Ralph Pincus

by Marcus Lambert

Verdict: Despite some disjointedness that makes for difficult reading, RALPH PINCUS offers some bright spots through its dialogue.

IR Rating

 
 

1.0

IR Rating

RALPH PINCUS introduces a unique lead character to the literary scene – an average Jewish thirty-something who teams up with a sorcerer and vampire to vanquish evil. They meet a crazy cast of characters along the way (including a gay unicorn and a homicidal kiddie clown) as they fight the forces that be to prevent an occult takeover. While author Marcus Lambert has an intense imagination, the novel is often hard to follow, jumping between narrators and time periods.

The book starts out with a note from the author basically warning away any prudes or those with weak stomachs. Indeed, RALPH PINCUS does not shy away from gratuitous violence and sex (tons of it). One of the downsides of the story is the frequent sex scenes (which often have nothing to do with the actual plot). The graphic killing of zombies and murderers makes a tad more sense in the overall scheme of the book, but as the foreword suggested, any one squeamish will find the novel hard to get through.

Lambert is a talented writer of dialogue – each character has a distinctive voice which helps bring their personas to life. However, the reader is often taken out of the story with entire scenes that don’t fit with the flow of the plot. The general feel of the novel tends towards the explicit, and readers can end up feeling turned off by the anecdotes in RALPH PINCUS that seem like they’re just added to insert some grit to the story. Those looking for a linear plot with likable characters will be disappointed.

The length of the book is perfect – not too long for those that can’t stomach the erratic and over-the-top sensibilities. For his next book, Lambert might consider a stronger editor who can cut out extraneous parts and enhance the sense of humor that is already there in his writing.

Despite some disjointedness that makes for difficult reading, RALPH PINCUS offers some bright spots through its dialogue.

Reviewed by Erin Konrad for IndieReader

1 reply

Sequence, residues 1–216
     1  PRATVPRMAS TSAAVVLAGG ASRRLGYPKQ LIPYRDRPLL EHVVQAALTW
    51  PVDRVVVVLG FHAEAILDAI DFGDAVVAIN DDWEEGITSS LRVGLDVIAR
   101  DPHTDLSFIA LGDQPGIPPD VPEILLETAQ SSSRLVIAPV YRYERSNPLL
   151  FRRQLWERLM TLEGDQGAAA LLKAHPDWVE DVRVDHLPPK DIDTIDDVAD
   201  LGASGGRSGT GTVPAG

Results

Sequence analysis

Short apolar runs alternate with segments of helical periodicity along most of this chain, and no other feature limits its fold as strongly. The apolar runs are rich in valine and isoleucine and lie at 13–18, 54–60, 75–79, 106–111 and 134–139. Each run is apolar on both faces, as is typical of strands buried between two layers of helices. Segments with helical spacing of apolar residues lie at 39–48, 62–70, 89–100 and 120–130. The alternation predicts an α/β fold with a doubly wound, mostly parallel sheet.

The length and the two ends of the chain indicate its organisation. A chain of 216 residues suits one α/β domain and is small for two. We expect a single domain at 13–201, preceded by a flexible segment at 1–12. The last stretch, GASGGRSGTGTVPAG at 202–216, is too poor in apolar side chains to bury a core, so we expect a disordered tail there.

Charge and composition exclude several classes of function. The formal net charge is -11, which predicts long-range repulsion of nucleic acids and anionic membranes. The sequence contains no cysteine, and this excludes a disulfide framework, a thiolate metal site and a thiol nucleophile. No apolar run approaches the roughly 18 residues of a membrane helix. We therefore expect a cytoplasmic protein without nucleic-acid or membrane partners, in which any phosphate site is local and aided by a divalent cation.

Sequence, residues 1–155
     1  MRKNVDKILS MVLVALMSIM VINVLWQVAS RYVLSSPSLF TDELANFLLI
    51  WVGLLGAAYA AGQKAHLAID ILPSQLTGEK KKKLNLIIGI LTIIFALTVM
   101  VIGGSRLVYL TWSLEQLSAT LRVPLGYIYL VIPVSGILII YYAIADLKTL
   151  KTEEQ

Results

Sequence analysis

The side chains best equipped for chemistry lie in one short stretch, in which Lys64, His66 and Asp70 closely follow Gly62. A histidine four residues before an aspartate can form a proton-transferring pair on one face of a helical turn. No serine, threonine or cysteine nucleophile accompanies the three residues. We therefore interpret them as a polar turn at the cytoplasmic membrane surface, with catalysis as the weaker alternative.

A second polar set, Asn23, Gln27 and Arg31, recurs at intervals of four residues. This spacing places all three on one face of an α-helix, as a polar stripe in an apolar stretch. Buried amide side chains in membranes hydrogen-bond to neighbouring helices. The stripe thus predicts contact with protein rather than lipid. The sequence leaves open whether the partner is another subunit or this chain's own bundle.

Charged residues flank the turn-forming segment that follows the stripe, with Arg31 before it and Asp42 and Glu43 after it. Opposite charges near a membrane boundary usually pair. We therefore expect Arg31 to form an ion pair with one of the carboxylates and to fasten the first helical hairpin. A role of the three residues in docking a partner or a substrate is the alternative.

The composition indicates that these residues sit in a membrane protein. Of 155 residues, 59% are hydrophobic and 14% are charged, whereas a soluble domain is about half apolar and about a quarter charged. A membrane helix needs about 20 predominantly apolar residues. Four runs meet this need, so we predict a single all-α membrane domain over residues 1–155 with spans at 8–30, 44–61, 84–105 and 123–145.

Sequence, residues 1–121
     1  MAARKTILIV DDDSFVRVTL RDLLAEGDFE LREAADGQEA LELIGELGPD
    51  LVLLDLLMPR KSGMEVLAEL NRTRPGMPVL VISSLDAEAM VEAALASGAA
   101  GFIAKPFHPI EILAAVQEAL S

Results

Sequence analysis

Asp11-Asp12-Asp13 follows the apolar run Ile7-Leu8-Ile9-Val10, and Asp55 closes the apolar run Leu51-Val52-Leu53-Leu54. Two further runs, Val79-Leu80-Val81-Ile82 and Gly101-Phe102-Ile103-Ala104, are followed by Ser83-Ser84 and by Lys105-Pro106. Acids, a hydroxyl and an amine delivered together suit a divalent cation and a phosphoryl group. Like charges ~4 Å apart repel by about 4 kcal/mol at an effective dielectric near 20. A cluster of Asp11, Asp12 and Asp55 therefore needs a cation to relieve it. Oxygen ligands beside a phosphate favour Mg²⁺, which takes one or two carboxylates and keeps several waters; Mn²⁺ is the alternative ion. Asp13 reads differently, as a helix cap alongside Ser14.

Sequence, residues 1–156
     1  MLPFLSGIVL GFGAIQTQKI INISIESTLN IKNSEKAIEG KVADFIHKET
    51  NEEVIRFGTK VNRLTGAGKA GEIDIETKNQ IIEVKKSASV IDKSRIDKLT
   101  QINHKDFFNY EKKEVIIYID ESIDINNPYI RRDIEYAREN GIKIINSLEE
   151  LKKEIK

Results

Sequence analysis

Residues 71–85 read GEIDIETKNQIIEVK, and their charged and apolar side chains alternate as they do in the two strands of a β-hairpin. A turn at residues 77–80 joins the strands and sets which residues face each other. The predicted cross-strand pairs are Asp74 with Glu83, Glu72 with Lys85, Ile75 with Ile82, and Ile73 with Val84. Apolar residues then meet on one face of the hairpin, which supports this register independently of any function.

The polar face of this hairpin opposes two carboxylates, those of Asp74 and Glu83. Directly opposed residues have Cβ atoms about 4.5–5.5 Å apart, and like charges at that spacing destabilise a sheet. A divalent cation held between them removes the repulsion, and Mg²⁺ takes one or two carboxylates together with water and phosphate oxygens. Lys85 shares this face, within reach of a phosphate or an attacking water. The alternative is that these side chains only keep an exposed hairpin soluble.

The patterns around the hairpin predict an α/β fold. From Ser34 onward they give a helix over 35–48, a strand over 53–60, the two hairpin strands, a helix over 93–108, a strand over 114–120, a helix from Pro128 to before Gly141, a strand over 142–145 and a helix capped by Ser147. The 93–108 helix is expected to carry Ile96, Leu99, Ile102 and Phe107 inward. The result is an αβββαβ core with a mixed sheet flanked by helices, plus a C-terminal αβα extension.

1. Marcus Lambert
    Marcus Lambert says:

    I’ve received bad reviews before, and I expect many in the future. A grim satire about media celebrations of masculinity and male sexuality infused with a slapstick horror comedy about a Jewish guy saving Christmas is topping out at niche.

    Because of this, I’ve never felt compelled to actually comment on any of the reviews I’ve received. I also know that commenting on negative reviews will only make me sound like an embittered whiner. But I don’t mind negative reviews. A negative review for my book can actually be more helpful in finding readers than a positive one.

    My problem with the review, and IndieReader as a whole, is the lack of professionalism. For those that may not know, IndieReader is a paid review service for self-published authors. Authors are allowed to use any part of the review once its posted as long as IndieReader is credited as the source.

    I paid for this review fully prepared for a negative one. I assumed any review I received from this service would contain useful tidbits I could cull for marketing . I was wrong. The review I got back was flat and required me to copyedit it before I felt comfortable with it being posted. Both of the changes I made to the review had nothing to do with the reviewer’s understanding of the text and everything to do with how carelessly the actual review was written. That was not something I expected from a professional review writing service.

    I brought this frustration up multiple times through email exchanges with IndieReader. They concluded I was disgruntled and wished me the best. I concluded their definition of professional is as nebulous as their definition of copyedit.

    A double dose of Buyer Beware: Although a paid service, IndieReader isn’t particularly professional. And my book is full of sex and violence and other things that aren’t for most tastes.

    Reply

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